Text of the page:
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Our Lady of Grace celebrates its history

In song, dance and prayer the parishioners of Our Lady of Grace Catholic Church in Reserve celebrated a Mass June 24 to honor the parish’s 75th anniversary. The Mass culminated a weekend-long observance that included a social and dance, a family day picnic, new bell tower dedication and time capsule burial.

The Mass’ opening song “We’ve Come This Far By Faith” reflected the history of Our Lady of Grace, sprouting as an African-American Catholic Parish from St. Peter in 1937.

“This is our 75th anniversary, and we have a lot to be proud of, a lot to be thankful for and we are blessed,” choir director Shelly Dents said.

Archbishop Gregory Aymond, the Mass celebrant, commended the Josephite community and the Sisters of the Holy Family for serving the parish from its inception and regaled parishioners with special events in their history.

 

He recounted the efforts of Father Jean Eyraud, pastor at St. Peter Church in Reserve, who petitioned Archbishop Joseph Rummel for a church for African-American Catholics, and the two anonymous donors from New York who donated money to build it.

“As we recall the jubilee, it really was the dream of others, a dream God himself placed in others’ hearts and minds,” he said to start the parish. He also acknowledged the hard work, prayer and dedication of the people of Our Lady of Grace – amid segregation – for persevering to get the church built and dedicated by Archbishop Rummel on June 13, 1937.

“I wonder, church, is there anyone here who can take us back to that founding,” Archbishop Aymond asked.

Seven people stood, and the archbishop thanked them for their service and witness of the Catholic faith.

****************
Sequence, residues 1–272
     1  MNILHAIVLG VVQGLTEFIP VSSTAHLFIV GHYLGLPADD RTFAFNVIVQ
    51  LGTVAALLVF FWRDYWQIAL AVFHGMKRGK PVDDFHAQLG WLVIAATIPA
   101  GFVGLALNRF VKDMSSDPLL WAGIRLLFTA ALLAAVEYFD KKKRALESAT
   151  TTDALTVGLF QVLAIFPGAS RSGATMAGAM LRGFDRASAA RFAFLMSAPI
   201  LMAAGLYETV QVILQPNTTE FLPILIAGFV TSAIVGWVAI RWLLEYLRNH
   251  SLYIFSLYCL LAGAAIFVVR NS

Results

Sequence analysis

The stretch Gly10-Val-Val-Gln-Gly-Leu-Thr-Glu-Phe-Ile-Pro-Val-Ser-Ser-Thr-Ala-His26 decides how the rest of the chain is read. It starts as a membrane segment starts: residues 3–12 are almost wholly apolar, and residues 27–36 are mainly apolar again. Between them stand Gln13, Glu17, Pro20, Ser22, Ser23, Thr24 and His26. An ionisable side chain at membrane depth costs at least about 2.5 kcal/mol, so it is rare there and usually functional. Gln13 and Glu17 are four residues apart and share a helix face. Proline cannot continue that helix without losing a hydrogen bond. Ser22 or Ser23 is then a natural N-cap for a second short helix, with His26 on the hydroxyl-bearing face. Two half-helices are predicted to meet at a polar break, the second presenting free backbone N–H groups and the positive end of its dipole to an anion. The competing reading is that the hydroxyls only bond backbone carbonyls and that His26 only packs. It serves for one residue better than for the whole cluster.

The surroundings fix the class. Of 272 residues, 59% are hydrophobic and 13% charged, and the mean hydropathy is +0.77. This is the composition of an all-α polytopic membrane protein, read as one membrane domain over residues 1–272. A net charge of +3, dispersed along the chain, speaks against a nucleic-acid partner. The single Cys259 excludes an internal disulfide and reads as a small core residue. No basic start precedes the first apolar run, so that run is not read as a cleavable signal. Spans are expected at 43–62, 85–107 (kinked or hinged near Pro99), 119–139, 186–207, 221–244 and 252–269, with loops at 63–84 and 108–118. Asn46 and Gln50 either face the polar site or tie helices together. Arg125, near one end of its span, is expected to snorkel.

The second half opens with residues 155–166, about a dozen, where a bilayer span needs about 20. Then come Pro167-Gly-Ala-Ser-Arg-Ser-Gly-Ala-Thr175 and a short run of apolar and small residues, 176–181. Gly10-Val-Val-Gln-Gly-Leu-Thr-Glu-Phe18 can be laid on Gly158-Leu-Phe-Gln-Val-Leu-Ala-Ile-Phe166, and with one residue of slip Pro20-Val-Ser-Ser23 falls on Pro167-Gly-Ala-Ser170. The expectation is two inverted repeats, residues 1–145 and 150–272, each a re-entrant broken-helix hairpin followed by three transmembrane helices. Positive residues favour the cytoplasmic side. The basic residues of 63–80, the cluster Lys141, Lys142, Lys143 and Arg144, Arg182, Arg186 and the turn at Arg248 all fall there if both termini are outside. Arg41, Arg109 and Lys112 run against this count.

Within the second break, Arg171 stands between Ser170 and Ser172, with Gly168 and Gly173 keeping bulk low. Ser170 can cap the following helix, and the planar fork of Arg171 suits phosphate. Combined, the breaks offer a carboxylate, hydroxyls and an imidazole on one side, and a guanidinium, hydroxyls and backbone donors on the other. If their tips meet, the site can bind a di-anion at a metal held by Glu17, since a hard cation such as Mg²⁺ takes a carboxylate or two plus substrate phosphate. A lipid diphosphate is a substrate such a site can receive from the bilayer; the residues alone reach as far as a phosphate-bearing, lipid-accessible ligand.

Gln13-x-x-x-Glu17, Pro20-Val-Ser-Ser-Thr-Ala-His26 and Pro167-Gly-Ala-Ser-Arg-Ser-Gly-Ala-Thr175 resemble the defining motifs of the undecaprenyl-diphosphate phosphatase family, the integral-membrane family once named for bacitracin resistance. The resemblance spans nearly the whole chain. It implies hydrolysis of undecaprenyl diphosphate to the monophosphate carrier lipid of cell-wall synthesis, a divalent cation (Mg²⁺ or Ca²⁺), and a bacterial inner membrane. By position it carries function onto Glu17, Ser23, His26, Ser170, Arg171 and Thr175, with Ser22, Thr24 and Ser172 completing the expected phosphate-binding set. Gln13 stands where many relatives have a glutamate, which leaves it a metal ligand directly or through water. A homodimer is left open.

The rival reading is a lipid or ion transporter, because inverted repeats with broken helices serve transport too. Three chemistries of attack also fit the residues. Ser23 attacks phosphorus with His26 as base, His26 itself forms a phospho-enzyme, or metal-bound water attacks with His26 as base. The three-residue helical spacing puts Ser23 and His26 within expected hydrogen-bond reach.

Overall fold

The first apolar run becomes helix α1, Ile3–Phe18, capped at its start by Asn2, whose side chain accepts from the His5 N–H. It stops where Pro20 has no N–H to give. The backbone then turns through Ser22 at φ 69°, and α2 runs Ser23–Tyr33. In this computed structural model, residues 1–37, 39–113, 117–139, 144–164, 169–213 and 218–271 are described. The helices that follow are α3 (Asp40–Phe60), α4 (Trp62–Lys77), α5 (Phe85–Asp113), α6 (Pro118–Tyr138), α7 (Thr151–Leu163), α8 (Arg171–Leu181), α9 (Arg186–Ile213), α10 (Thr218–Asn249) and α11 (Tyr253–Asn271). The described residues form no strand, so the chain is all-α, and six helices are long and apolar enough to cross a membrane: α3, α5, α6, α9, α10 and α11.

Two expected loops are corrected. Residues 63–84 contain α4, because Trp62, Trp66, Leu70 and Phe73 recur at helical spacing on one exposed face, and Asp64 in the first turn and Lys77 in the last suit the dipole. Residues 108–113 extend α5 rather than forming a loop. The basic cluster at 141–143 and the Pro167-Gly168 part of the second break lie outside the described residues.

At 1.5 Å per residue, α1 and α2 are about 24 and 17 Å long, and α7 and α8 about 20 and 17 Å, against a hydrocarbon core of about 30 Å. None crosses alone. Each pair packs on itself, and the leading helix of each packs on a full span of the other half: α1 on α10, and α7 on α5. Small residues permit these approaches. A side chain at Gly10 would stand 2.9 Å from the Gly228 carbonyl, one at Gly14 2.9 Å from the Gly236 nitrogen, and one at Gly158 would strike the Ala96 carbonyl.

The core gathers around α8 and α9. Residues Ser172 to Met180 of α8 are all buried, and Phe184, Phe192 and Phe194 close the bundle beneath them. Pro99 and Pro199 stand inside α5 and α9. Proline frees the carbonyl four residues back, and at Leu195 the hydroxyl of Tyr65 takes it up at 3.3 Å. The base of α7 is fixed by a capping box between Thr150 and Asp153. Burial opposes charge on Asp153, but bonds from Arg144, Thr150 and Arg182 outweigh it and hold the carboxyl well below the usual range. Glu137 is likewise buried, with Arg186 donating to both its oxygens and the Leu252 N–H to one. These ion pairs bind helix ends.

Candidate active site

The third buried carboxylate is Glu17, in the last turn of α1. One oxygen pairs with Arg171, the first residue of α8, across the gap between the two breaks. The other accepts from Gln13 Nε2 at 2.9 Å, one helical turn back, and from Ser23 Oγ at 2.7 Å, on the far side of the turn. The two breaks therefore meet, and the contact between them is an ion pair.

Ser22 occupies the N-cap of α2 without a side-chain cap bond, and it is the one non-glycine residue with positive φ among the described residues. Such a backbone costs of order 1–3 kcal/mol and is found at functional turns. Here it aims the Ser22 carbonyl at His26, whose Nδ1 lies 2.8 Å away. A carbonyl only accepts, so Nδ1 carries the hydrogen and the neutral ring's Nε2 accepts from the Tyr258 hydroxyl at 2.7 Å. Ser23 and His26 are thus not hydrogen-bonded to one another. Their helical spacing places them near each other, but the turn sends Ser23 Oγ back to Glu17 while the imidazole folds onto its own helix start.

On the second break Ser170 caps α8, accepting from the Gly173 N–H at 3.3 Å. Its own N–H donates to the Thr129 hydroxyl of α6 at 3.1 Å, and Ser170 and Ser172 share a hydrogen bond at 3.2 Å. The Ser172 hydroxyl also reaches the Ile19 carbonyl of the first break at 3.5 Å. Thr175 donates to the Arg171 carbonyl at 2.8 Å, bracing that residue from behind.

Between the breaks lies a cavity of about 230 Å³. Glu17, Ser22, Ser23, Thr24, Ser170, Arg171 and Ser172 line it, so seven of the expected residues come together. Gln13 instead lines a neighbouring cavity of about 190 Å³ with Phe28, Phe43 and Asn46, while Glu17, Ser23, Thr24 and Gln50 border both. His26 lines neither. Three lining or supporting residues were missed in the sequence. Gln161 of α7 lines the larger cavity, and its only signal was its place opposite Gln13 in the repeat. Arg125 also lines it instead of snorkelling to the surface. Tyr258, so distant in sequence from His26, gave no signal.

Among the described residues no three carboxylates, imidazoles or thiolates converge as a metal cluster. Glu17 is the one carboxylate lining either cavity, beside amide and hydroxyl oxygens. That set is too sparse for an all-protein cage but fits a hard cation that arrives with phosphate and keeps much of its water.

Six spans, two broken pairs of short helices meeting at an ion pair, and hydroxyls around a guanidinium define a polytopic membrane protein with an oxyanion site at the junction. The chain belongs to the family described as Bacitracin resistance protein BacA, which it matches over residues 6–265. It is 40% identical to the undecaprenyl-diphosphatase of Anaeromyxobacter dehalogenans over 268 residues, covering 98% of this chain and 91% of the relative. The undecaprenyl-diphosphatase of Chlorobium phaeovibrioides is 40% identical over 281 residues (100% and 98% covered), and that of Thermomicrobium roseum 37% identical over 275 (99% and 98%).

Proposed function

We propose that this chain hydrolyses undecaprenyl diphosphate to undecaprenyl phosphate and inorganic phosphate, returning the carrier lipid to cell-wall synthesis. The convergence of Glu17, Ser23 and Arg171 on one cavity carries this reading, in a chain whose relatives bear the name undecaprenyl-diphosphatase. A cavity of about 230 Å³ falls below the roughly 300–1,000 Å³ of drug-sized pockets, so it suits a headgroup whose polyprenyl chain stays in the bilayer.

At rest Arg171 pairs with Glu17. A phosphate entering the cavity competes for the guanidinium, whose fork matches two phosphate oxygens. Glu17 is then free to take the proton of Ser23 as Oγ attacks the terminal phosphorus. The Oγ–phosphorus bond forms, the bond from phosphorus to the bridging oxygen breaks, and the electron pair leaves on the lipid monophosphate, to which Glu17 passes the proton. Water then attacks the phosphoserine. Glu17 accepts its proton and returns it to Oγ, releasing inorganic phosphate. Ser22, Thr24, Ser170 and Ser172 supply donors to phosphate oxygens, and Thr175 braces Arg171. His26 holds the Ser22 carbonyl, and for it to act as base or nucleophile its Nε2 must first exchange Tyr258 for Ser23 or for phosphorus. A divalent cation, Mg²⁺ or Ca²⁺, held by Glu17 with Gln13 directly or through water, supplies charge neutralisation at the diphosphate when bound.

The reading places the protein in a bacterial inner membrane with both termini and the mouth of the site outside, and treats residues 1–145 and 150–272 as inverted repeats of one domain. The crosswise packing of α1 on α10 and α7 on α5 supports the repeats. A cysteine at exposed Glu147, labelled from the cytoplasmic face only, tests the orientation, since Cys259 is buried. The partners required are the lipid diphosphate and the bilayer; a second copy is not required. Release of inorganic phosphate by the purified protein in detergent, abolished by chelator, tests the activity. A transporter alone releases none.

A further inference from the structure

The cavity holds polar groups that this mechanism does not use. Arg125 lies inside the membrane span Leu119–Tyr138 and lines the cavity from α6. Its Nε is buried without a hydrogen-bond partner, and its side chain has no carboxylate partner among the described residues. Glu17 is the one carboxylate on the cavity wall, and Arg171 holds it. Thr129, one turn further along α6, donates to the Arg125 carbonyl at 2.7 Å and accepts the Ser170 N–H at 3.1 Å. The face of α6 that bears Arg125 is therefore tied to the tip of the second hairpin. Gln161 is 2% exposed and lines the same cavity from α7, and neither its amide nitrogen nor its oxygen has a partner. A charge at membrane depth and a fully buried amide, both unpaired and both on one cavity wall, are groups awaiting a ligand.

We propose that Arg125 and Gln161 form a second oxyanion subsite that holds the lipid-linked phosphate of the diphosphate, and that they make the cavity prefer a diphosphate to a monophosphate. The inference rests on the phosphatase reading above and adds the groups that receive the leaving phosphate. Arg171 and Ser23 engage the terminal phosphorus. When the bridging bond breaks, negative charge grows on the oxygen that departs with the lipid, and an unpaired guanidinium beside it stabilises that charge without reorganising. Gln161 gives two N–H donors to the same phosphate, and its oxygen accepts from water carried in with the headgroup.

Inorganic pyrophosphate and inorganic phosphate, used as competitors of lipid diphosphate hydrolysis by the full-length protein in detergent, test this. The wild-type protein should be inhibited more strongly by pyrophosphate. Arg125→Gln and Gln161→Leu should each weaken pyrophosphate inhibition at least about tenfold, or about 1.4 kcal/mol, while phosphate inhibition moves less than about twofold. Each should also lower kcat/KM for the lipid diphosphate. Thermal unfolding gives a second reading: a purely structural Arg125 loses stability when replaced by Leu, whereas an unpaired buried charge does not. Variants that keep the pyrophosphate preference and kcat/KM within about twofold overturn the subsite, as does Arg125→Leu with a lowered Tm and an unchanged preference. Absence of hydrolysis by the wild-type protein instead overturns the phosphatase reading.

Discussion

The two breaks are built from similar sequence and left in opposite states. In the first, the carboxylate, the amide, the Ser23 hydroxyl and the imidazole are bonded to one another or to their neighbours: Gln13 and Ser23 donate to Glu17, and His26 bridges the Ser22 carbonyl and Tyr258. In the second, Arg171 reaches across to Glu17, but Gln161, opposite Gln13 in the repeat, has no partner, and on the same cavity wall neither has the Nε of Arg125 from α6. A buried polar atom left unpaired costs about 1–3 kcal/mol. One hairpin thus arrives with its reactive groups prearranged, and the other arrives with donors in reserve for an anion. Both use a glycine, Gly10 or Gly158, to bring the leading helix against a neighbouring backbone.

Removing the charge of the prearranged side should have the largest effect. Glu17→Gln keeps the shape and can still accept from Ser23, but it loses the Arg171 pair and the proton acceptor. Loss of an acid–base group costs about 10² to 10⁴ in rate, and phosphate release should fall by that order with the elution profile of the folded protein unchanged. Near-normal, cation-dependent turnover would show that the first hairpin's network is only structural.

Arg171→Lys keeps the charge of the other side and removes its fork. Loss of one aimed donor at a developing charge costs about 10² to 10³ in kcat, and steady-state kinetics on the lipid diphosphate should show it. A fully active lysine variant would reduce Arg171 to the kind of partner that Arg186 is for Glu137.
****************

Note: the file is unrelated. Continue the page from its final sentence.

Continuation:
Segregation commonplace

Knights of Peter Claver member George Bourgeois Jr., 82, was among those who stood. His seven children attended Our Lady of Grace School, and his six sons were altar servers. As a boy, he remembered being relegated to the last few pews at predominantly white St. Peter and St. Joan of Arc parish churches.

Fellow parishioners also remembered the segregation.

“They didn’t want us in St. Peter,” parishioner Walter Keller, 87, said about attending St. Peter Church in Reserve as a black person.

“They let us in, but only so far,” his wife Isabella Keller, 85, added.

Racial segregation was a federal policy at the time of the church’s founding, as discovered by parishioner Mary Mitchell (born in 1943) when compiling the parish history from parish records, archives at the Archdiocese of New Orleans, the Josephites and Xavier and Loyola universities.

“Slavery was abolished but Jim Crow (segregation laws) continued,” she said. “It was separate but totally unequal. My mom and grandparents were still relegated to those back pews.”

Her great grandparents were the last generation of slaves on the Belle Pointe Plantation, situated where the church now stands.

Black leaders in the River Parishes wanted a better education for their children than they had and worked with Father Eyraud to make it happen. In 1931, former New Orleans Archbishop John Shaw and Mother Katharine Drexel, the foundress of the Sisters of the Blessed Sacrament, opened St. Catherine Parochial Mission School for African-American children on the St. Peter parish site in Reserve.